Thanksgiving is just around the corner. If you haven’t already started your holiday dinner planning then it’s time to kick it into gear. Organizing is the key to a stress-free holiday and this year, think about giving your dinner menu a healthy makeover.
Thanksgiving is a day filled with turkey, stuffing, pumpkin pie, holiday parades and, of course, football. It is a special day to gather with loved ones, count our blessings and be thankful for all we have. Even in difficult times, there are always things for which we are grateful.
Every family has its own traditions and favorite dishes they prepare for the holiday celebration. Most of the time these favorites are deliciously laden with tons of calories, fats and salt, therefore, dinner can be a challenge if you are watching your waistline. Just because it’s Thanksgiving doesn’t mean you have to throw your good eating habits out the window. It can still be fun and festive, even indulgent, by making smart food choices.
It comes down to healthy substitutions. Try to minimize the need for gobs of butter and cream, by replacing them with a low-fat or fat-free counterpart. Add high-impact flavors from fresh herbs and spices and make use of seasonal fresh fruits and vegetables. In some baked goods, you can swap applesauce for oil. In some dishes, you may be able to use low-fat or skim milk products instead of whole milk and many other products such as mayonnaise, cheese and cream soup have lower-fat versions.
Here are some other low-fat recipe substitutions you can try:
Eggs: If a recipe calls for one egg, use two egg whites.
Sour cream: Use the low-fat version or low-fat plain yogurt.
Ice cream: Opt for frozen yogurt.
Heavy cream (non whipped): Whisk 2 tablespoons flour into 2 cups non-fat milk.
Whipped cream: Whip chilled evaporated skim milk or substitute any of the other low-fat whipped products.
Cheese: Use low-fat cheese (non-fat cheese does not melt well, so don’t use it for cooking or baking).
If you are hosting a small gathering, buy a turkey breast rather than the whole bird, as breast meat is lower in calories than dark meat. If you do buy a whole turkey, avoid “self-basting” turkeys, as they often contain added fat. As much as we all love deep-fried turkey, avoid the fryer this year and roast or smoke your turkey. Rather than slathering the exterior skin with a heavy coating of butter or oil, spray it with a cooking spray and season it with a little salt and pepper.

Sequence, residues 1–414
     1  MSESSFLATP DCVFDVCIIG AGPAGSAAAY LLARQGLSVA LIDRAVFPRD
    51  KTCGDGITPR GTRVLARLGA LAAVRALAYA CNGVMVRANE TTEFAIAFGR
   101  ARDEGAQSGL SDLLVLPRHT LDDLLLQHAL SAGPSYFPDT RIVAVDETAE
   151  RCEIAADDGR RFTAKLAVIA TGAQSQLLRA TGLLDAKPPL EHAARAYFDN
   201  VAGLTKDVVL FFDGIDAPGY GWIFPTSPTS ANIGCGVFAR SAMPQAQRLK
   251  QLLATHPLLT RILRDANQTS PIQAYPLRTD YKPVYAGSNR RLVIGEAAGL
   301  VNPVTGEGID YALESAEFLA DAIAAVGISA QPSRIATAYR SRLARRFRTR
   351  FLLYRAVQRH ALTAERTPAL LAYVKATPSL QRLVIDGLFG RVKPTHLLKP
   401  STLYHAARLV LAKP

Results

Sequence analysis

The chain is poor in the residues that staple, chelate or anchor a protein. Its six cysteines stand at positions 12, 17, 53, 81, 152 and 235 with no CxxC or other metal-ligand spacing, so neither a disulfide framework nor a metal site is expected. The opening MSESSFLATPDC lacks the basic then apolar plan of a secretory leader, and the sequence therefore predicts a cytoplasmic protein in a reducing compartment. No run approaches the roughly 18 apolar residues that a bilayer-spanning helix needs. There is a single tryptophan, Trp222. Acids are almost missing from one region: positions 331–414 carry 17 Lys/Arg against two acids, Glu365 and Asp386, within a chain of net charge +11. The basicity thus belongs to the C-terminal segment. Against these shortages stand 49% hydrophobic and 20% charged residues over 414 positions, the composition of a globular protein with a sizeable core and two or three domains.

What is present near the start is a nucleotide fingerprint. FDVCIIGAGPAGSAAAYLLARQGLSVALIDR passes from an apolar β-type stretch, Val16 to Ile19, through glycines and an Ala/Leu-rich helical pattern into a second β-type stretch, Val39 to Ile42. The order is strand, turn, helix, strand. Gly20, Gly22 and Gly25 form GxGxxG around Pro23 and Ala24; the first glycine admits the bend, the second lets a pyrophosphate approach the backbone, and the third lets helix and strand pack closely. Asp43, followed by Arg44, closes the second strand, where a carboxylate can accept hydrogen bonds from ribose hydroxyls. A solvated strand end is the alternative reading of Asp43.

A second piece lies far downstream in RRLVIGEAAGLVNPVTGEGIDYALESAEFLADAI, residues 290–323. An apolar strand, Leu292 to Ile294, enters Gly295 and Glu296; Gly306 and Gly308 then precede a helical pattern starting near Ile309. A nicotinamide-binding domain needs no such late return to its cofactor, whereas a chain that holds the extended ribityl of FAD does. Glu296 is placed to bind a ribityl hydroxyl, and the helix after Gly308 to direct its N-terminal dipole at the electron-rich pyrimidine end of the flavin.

Don’t bake your stuffing inside the bird — it absorbs fat from the turkey and takes the turkey longer to bake (which could leave you with a dry bird). Instead, bake the stuffing/dressing in a casserole dish and fill the turkey cavity with chunks of carrots or celery, whole or halved onions, halved lemons or apples, and sprigs of fresh herbs such as sage, thyme, marjoram and/or rosemary.
It’s hard to slim down a stuffing recipe, about all you can do is use low-fat/fat-free broth and try to avoid recipes using sausage or bacon. Wild rice and grains are more nutritious than bread stuffing, and great alternatives.
Gravy is one of the biggest calorie culprits on the table. I will try to make it healthier this year by following these suggestions: When making the gravy start with vegetable oil along with a dab of turkey drippings; the oil is lower in saturated fat and is cholesterol-free. If you use turkey drippings to add flavor, then use a gravy separator. Pour the drippings into the separator and allow it to sit for a few minutes. Most of the fat will rise to the top where you can easily pour it off and your flavorful drippings are left in the bottom.
Instead of using butter and cream to mash potatoes, save the cooking water when you boil the potatoes. Mashing in the starchy water will give the potatoes a creamy texture. You can also add low-fat/low-sodium turkey or chicken broth, evaporated skim milk or fat-free sour cream. For extra flavor, stir in roasted garlic and herbs or for added nutrition, add pureed cooked cauliflower, or root vegetables such as turnips or parsnips.
Scrap the traditional dessert-style candied sweet potato casseroles in favor of a low-fat, naturally sweetened version. Try a cranberry relish or cut down on the amount of sugar in your cranberry sauce by adding fruit juices or applesauce.
Most of the fat in a pie comes from the crust. Try a reduced-fat graham cracker crust or a crust-free pumpkin pie recipe.